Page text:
Currently, CopiaFacts can both send and receive color faxes, but several other planned facilities are not yet released. In the following descriptions, only the currently available capabilities are described.

Color Faxing is an extra-cost option for CopiaFacts. It is not yet supported in the CFHWL license manager. In the interim, instructions will be provided to enable color fax operations by means of a configuration file setting.  The color features described below will not work successfully without this setting.

Color is supported only on Brooktrout TR1034 boards, either with API release 5.2 or later. Color is not supported in the CopiaFacts interface for any earlier Brooktrout release. Color support requires CopiaFacts engine 7.191 or later.

To enable color receive on the TR1034, use the Brooktrout ConfigTool program and set the checkboxes for JPEG and Full Color (scroll down in the Advanced settings for BTCall parameters). No other enhanced fax format (EFF) options are supported.  The ConfigTool program modifies BTCALL.CFG to add support for color receive.

If the BTCALL.CFG file specifies that color receive is allowed, all channels will advertise this capability to incoming calls. If color faxing is not enabled in CopiaFacts, the receive will not be set up for correctly color and the data will be saved in a .TIF file. The .TIF will not contain valid data and will not be viewable either as a TIF or as a JPEG.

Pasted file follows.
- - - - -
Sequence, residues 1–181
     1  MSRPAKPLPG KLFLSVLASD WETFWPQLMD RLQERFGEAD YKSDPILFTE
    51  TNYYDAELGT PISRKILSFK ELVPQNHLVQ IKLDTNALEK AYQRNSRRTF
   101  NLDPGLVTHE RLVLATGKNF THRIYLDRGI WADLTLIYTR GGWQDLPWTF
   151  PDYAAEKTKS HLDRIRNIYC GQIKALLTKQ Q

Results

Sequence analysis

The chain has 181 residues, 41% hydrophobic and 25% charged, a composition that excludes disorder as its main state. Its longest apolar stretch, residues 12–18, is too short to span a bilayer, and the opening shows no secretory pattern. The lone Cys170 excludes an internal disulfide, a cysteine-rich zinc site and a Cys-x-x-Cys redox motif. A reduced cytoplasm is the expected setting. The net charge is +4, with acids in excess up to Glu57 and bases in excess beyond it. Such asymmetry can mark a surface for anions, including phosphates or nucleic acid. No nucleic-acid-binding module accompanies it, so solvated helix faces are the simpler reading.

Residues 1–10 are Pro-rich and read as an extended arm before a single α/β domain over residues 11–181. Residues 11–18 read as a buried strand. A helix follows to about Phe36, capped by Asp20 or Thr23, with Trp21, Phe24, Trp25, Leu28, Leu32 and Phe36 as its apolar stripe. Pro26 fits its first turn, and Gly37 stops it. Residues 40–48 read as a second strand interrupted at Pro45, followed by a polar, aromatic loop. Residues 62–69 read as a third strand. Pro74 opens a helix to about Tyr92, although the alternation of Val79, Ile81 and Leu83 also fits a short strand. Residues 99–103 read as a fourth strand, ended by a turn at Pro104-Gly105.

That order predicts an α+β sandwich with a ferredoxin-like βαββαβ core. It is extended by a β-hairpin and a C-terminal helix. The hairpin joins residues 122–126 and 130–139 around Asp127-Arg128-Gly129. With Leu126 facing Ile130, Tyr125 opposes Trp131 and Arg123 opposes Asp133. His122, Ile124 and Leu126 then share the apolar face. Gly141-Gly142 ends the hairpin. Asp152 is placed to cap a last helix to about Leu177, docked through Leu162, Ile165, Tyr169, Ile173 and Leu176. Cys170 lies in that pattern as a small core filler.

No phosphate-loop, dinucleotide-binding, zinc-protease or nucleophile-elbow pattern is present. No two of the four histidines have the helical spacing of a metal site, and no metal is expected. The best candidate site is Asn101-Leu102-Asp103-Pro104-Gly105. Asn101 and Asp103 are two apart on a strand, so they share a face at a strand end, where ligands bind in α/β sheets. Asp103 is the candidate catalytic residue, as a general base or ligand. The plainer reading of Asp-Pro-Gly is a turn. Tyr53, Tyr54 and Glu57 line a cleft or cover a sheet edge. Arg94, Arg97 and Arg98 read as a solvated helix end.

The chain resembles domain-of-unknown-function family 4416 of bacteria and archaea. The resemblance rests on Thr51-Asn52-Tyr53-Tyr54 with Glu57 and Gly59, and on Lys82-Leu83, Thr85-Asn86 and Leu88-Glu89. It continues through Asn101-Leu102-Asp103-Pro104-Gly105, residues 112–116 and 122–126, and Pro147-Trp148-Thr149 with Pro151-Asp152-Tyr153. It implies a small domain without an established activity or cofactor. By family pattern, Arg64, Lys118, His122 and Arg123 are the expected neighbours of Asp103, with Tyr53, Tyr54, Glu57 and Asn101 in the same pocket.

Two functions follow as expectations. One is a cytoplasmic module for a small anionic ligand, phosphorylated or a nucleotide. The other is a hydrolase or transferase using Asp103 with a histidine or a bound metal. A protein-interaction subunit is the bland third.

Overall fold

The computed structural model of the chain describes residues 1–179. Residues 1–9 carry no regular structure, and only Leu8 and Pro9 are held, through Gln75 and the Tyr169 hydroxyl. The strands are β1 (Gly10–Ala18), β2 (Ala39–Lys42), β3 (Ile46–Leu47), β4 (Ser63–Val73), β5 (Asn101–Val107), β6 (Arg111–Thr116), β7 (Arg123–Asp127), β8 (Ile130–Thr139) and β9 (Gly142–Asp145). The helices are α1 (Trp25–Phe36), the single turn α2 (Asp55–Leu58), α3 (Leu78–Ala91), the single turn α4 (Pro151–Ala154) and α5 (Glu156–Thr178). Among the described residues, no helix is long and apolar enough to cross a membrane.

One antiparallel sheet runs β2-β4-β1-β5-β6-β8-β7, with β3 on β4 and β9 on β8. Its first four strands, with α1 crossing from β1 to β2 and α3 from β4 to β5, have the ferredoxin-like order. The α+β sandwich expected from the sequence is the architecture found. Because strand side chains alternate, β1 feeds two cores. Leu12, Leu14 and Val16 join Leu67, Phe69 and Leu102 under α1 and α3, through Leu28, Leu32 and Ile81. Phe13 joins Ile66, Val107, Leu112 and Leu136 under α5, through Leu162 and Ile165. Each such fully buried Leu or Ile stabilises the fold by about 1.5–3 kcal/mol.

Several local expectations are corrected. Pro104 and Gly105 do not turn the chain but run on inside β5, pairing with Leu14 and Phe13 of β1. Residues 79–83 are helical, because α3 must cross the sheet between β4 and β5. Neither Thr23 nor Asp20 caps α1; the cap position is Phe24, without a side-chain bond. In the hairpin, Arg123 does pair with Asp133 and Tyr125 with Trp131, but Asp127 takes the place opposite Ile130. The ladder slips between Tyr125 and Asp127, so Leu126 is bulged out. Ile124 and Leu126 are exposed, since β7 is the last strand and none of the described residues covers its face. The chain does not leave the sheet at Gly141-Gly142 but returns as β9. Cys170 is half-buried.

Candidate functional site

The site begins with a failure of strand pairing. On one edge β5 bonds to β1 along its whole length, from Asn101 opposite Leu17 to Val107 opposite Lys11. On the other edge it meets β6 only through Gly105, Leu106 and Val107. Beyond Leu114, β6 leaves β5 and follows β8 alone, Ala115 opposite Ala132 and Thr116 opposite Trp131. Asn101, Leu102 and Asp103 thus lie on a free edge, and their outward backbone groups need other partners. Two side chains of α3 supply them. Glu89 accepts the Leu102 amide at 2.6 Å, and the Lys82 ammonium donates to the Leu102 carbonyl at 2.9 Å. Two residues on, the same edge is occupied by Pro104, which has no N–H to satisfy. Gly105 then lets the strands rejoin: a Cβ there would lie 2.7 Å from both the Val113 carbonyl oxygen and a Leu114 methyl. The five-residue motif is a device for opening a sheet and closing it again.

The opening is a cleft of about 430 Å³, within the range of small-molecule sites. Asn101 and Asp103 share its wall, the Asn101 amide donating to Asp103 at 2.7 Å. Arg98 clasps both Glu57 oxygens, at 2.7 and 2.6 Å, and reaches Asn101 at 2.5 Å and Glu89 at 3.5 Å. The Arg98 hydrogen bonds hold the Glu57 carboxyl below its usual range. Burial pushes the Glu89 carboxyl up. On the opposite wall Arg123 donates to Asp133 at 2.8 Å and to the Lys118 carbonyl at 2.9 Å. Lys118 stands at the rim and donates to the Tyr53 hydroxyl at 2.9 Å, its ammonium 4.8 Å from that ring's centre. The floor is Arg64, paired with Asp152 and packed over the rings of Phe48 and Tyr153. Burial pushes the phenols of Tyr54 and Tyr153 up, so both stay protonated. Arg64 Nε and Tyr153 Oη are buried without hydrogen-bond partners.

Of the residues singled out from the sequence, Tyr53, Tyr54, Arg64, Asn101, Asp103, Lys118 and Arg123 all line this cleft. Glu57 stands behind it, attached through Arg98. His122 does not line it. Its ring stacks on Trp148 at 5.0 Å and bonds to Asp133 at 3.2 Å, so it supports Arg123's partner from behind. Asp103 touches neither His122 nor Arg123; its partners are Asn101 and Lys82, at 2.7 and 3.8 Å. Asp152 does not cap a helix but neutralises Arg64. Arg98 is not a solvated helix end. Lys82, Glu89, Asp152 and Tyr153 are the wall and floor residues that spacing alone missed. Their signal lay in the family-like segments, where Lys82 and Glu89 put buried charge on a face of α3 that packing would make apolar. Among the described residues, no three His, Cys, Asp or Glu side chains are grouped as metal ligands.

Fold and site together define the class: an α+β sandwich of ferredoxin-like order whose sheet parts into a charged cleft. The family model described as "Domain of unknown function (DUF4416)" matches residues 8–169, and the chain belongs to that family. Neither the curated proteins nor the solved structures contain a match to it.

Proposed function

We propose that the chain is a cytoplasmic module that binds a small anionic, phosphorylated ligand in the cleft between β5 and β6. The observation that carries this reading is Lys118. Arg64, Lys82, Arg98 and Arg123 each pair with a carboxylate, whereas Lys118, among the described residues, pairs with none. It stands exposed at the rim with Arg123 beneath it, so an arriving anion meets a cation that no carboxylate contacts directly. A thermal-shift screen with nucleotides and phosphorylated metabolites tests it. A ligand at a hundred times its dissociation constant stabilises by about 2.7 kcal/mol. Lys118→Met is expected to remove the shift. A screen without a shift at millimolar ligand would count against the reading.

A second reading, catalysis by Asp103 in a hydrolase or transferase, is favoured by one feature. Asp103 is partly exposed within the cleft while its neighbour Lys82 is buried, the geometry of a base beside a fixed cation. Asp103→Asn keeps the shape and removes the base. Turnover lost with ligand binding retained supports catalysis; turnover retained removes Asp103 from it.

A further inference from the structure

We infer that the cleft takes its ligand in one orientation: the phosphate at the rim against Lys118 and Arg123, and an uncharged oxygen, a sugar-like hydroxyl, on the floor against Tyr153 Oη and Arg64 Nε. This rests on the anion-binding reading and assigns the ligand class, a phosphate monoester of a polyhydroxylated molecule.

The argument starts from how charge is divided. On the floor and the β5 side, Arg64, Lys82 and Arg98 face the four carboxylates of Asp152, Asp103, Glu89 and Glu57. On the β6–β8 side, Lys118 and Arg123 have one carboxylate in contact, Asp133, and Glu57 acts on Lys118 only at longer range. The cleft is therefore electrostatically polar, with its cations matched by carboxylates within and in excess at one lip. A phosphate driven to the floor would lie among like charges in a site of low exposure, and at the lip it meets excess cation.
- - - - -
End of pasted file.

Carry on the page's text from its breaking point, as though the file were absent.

When correctly configured, CopiaFacts will recognize an incoming color file automatically and save it in an infopacket (.IPK) file. This file is a Brooktrout-specific file containing identifying headers followed by data blocks. Each received page will consist of a JPEG format file embedded (in multiple pieces) in the IPK file.

The color fax JPEG format is different from that commonly used for .JPG/.JPEG files in web pages and digital cameras. The files are in general incompatible and files produced by color fax machines cannot be viewed or processed in the vast majority of image editors, viewers and browsers which support JPEG formats.

Color fax JPEG files conform to the ITU T.42 specification. The principal differences from more familiar JPEG files used almost everywhere else are:

The file has a special G3FAX header, not the more common JFIF header.

The image height is stored at the end of the file, not in the frame headers (because it is usually not known until after the file transmission has started).

The image height is identified by a special 'DNL' marker which is either rejected or not supported by standard JPEG processors.

The color space of the image is a special version of CieLAB with the normal L*A*B* parameters constrained to specific ranges. This is not recognized by readers expecting only JFIF standard files and results in a display with incorrect colors.

The received filename (.IPK for color or .TIF for monochrome) is placed in the MCF as usual and is also available in the PR_FAXFILE and PR_FAXPATH system variables. There is also a PR_FAXFORMATvariable which will contain the CopiaFacts image-type code of the received file, 93 for IPK and 59 for TIF.